If you’re due to give birth during the winter or will have a newborn or young baby during the winter, it’s important to be educated about the hazards of cold weather on your baby. According to the American Academy of Pediatrics, the physiology of babies and children leaves them unable to regulate their body temperatures as well as adults, and this can cause serious health problems if exposed to extreme temperatures.
Here are some common winter scenarios in which your baby may be faced with extreme cold, and how to remedy the situation.
It may seem counterintuitive, but it’s important to remove any coats or snowsuits before putting baby in the car. The extra space created by the padding may compress in an accident, leaving enough space for baby to slip out. To keep baby warm in a cold car, be prepared with a blanket to use over the straps once baby is strapped in. Once the car heats up, you can easily pull it off.
Despite the cold temperatures, it’s important that baby still sleeps alone in the crib, without any blankets, pillows, or other loose items. To combat the cold weather, dress baby in a warm sleeper such as a sleep sack. Remember, overheating is a risk factor for SIDS, so don’t overdo it with the layers.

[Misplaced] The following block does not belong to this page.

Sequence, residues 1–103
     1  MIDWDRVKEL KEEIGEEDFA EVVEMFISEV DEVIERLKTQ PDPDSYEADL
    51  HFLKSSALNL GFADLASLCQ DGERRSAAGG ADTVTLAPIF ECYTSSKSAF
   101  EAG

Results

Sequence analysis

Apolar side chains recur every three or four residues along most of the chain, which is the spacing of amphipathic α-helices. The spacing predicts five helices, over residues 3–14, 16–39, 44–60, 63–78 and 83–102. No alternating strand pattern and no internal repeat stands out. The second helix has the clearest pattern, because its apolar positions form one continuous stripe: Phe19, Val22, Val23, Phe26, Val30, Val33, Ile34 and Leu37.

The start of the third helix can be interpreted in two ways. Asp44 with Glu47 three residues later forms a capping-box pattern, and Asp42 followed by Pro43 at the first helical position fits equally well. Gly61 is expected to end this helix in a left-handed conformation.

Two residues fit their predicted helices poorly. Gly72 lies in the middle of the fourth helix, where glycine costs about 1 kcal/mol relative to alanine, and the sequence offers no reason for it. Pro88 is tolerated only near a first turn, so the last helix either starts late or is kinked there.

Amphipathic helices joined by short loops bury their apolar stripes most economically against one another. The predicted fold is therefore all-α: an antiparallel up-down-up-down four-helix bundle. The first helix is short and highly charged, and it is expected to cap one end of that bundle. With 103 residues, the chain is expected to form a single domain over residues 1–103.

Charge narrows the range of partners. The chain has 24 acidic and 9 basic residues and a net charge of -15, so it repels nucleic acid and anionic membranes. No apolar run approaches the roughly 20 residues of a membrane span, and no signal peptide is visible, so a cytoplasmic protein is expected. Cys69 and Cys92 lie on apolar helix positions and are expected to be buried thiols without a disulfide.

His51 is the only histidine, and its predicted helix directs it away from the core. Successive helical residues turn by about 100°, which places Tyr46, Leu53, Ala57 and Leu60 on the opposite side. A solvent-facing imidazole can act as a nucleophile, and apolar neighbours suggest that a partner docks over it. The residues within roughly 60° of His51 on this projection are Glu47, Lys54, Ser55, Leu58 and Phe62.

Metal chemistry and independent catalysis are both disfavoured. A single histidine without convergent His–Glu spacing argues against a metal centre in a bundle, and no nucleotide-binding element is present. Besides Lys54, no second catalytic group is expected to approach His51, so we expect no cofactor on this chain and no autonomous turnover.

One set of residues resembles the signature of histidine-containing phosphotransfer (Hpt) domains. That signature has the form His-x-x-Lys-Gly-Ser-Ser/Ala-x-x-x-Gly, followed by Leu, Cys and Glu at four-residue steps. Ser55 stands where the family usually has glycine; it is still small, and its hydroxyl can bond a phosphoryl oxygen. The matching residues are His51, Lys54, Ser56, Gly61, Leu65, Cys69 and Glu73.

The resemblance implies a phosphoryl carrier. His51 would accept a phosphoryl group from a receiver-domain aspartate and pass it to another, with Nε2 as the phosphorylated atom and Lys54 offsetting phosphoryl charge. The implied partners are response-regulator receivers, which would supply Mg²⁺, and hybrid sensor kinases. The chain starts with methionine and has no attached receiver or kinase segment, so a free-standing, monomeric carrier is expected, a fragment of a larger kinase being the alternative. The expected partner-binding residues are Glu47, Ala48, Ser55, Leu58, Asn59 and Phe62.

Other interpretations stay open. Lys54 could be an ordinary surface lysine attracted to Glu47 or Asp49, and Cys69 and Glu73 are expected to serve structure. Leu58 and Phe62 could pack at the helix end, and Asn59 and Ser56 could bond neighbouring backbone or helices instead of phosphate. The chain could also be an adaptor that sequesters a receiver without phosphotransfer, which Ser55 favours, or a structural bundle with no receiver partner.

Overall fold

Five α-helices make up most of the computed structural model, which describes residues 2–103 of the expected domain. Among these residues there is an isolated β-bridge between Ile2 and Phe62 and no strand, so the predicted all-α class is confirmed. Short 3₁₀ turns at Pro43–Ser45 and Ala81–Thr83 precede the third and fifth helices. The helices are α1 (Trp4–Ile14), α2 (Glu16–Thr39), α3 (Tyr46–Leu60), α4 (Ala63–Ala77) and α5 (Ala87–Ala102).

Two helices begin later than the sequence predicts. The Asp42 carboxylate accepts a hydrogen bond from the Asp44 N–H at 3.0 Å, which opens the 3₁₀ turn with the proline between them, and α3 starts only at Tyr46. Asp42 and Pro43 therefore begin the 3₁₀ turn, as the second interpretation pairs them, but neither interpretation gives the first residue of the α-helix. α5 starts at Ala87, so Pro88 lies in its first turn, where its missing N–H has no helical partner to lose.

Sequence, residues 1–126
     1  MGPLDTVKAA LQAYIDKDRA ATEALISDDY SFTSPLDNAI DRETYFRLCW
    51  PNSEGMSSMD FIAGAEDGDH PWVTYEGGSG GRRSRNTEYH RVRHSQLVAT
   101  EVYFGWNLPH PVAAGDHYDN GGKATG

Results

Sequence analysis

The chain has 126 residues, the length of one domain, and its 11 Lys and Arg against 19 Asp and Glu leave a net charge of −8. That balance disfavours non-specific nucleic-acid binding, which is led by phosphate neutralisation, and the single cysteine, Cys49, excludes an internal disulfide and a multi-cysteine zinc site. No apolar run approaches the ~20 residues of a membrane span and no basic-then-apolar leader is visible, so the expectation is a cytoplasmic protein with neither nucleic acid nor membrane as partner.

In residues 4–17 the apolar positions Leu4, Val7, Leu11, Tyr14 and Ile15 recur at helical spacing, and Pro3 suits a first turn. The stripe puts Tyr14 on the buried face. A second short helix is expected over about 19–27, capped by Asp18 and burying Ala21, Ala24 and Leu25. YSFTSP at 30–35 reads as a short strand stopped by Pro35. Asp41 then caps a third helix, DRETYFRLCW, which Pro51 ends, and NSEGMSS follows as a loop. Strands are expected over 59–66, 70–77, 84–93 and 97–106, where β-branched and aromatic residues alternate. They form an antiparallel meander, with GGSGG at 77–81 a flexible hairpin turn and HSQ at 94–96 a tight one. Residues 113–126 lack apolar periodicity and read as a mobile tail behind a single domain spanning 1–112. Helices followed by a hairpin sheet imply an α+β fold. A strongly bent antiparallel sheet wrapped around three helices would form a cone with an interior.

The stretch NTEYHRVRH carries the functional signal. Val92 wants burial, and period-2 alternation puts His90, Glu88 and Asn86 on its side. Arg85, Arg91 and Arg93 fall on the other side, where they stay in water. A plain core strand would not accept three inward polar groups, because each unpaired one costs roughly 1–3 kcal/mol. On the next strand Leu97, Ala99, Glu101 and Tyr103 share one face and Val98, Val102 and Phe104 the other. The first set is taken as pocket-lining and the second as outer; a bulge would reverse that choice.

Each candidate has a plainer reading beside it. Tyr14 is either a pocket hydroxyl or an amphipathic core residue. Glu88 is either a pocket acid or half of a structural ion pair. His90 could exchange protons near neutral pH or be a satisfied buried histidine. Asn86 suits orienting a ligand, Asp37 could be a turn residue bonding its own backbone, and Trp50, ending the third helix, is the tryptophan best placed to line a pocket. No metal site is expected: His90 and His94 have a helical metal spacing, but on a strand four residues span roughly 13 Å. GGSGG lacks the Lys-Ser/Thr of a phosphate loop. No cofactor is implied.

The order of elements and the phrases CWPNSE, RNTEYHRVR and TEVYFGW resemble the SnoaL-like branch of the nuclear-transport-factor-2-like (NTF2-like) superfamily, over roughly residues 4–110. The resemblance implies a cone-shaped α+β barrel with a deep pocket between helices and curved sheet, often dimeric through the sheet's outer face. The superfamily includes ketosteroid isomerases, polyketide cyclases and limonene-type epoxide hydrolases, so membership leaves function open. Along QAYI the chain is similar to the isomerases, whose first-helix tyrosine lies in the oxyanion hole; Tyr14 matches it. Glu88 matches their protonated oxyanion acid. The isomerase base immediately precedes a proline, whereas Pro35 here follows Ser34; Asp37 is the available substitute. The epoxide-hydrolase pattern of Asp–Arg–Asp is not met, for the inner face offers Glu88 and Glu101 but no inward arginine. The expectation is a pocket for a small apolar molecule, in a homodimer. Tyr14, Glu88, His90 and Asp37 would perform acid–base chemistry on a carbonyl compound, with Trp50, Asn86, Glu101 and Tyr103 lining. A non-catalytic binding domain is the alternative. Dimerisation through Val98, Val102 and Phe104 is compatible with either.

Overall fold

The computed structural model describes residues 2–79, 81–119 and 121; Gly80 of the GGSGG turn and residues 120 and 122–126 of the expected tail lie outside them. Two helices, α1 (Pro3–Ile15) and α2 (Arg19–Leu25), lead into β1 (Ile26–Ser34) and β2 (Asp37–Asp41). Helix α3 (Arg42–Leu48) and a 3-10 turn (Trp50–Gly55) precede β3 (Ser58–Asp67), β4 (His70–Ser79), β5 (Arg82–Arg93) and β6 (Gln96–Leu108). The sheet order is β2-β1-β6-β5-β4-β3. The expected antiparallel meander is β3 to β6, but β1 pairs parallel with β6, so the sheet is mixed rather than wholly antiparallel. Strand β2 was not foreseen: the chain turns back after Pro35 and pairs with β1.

If your baby is still a newborn, it’s perfectly okay to skip the outdoor festivities when it’s too cold outside. Keeping your baby home and unexposed to cold temperatures or germs is never a bad choice. If the temperature isn’t below freezing or uncomfortable and baby is healthy, the rule of thumb for dressing is to put baby in one more layer than you would wear. Don’t forget warm socks, boots, mittens, and a hat! However, pay close attention to baby’s temperament and appearance. If you notice red cheeks, blue lips, a pale nose, or cold extremities, it’s probably time to head indoors. Similarly, if baby’s body seems hot and sweaty, they may be too hot and need a layer removed.
Cold and flu germs abound in the winter, and because your baby’s immune system is still young and immature they are more susceptible to getting sick than you. The two best things you can do to reduce baby’s risk of getting sick, besides staying current with your vaccinations, are:
1) Wash your hands frequently and correctly, and
2) Avoid exposure
Keep baby away from infected people and crowds. When you go out, be sure to sanitize public surfaces you touch, and to wash your hands as soon as you come home. If you’re breastfeeding, continue to do so because as your body creates antibodies to defend against germs you come in contact with, it passes the antibodies to baby through the breastmilk, strengthening baby’s immune system.
Follow these tips to help keep your baby safe and healthy this cold winter season.